Articles by Month: May 2014
Creating a Maintenance Program for Personal Protective Equipment – Article Highlight #1
National Fire Protection Association (NFPA) 1851, Standard on Selection, Care, and Maintenance of Protective Ensembles for Structural Fire Fighting and Proximity Fire Fighting, incorporates common practices and procedures derived from the input of firefighting professionals, manufacturers, and industry specialists for maintaining personal protective equipment (PPE).
This article breaks down the standard by function and gives examples of how you can implement a program. Not all aspects of the standard are addressed, and the coat and trousers are referred to primarily when discussing cleaning and repairs. The document and training will fill in the information gaps. The standard is so comprehensive that all its aspects cannot be fully addressed in an article; it would require a book.
About the Author:
Mitch Lopez is an engineer with the Highlands Fire District in Flagstaff, Arizona, where he has served for six years. For four of those years, he headed the personal protective equipment (PPE) overhaul program. He has been trained in National Fire Protection Association 1851, oversees the PPE needs for a combination department of 50 personnel, and assists mutual-aid agencies in maintaining their PPE.
Fire-Dex is pleased to offer this article published via Fire Engineering free for all in fire service. Click here to download your PPE Training Guide from Fire Engineering sponsored by Fire-Dex.
There is no question that Fire Fighters have a long and proud history across the world. For years brave men and women have faithfully served to protect the people. But how far back does the Fire Fighting tradition go? It might surprise you that the oldest team of Fire Fighters on record traces back to Ancient Rome.
Wealthy Roman governor, Marcus Licinius Crassus, is on record as having created the first organized fire brigade. However, Crassus was no hero. In ancient times Rome was particularly susceptible to fires due to a combination of the city’s early urban architecture, and the heat of the Italian summer. Crassus took advantage of this by creating his brigade of 500 men who would rush to burning buildings at the first sign of trouble… and negotiate a satisfactory price before beginning to fight the fire. Soon after, early Roman Emperor Caesar Augustus, saw the need for a city-wide fire brigade and in AD 6 created the proud order of the Vigiles Urbani, the Watchmen of the City.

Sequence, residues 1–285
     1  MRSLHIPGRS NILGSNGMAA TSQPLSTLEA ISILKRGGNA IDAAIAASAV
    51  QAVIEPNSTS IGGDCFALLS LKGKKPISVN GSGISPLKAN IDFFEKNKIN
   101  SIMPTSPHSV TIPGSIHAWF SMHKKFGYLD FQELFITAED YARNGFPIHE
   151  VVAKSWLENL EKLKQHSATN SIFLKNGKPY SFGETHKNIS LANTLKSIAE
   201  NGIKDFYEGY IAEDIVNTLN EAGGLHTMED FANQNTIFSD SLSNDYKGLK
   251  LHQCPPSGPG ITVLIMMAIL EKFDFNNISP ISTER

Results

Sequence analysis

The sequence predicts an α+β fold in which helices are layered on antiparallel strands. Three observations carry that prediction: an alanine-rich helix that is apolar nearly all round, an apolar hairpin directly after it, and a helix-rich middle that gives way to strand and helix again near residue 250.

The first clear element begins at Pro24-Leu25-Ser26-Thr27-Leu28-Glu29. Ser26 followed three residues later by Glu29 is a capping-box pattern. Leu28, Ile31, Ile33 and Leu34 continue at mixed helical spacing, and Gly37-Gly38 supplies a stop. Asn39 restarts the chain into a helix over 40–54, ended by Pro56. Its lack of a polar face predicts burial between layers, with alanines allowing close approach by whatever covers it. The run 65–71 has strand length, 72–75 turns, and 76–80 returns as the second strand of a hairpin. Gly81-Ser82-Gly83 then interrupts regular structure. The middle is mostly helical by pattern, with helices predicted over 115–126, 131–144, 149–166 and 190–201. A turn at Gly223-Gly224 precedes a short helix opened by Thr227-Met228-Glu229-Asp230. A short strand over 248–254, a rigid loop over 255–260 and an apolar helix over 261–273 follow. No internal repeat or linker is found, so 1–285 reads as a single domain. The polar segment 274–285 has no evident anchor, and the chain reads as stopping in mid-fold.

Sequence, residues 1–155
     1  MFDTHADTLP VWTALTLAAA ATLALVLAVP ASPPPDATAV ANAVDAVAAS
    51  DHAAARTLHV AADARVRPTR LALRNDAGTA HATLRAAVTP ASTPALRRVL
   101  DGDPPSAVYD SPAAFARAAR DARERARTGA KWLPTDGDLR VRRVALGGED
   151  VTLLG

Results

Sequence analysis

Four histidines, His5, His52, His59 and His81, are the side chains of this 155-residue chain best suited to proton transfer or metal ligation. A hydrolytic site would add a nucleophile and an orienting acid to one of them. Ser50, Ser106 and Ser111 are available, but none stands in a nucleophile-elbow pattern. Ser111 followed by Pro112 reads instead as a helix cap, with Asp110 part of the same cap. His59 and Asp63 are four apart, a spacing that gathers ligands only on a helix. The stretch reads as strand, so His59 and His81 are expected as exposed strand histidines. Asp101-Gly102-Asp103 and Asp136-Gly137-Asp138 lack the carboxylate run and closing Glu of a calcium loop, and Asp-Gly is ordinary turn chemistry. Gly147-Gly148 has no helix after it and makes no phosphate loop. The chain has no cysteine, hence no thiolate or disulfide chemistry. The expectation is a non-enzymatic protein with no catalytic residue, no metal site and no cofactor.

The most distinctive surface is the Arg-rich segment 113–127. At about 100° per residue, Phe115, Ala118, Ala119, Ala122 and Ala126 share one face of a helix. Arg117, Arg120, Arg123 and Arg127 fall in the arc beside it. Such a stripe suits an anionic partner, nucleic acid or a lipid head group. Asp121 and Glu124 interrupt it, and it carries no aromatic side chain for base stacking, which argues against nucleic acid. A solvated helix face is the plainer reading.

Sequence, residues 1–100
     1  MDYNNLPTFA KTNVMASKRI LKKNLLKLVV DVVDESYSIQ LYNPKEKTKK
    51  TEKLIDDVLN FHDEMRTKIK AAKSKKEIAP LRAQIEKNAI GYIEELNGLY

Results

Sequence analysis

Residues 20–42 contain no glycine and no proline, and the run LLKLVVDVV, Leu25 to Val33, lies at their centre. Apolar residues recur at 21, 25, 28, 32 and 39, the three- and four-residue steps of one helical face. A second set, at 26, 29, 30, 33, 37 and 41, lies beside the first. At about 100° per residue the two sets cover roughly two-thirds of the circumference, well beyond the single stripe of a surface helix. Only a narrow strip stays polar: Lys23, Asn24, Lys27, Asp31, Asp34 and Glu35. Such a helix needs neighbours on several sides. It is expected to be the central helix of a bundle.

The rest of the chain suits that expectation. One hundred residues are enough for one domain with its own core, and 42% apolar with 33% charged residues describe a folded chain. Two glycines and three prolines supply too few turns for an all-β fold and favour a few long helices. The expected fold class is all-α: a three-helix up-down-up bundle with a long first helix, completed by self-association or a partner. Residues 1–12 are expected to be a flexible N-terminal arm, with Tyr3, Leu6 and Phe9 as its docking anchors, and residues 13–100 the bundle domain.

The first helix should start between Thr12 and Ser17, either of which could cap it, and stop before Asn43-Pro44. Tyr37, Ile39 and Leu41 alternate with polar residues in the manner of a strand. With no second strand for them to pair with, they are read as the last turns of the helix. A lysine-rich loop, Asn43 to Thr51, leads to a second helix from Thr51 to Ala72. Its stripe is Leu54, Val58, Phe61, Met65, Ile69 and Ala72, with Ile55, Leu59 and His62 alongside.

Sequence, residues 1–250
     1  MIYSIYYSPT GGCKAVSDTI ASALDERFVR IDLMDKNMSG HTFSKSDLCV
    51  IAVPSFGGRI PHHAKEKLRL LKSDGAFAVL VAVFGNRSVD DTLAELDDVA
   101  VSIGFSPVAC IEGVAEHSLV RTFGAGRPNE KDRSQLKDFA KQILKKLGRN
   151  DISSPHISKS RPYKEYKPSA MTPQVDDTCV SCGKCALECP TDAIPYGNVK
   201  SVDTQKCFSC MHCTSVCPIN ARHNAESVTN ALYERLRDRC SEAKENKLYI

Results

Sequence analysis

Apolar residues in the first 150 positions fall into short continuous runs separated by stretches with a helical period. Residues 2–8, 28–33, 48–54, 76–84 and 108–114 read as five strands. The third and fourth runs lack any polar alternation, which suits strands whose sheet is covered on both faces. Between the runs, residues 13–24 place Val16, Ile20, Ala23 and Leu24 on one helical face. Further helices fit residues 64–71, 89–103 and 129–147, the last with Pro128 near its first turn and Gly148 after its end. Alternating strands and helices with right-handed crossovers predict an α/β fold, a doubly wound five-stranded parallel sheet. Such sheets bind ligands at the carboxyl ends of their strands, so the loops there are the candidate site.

The Vigiles were stationed in city barracks and would patrol the streets for unsupervised fires. Upon finding a budding fire a cohort of Vigiles would dispatch from the barracks with a horse-powered fire engine, and an expert in the city’s water supply – known as an aquaria. During their time as servants of the city, the Vigiles saved many lives, putting out fires, and often laying out mattresses and blankets to allow people to jump to safety. Little did they know that their vigilance would begin a tradition of honor and bravery that would stretch all the way to the 21st century and beyond.
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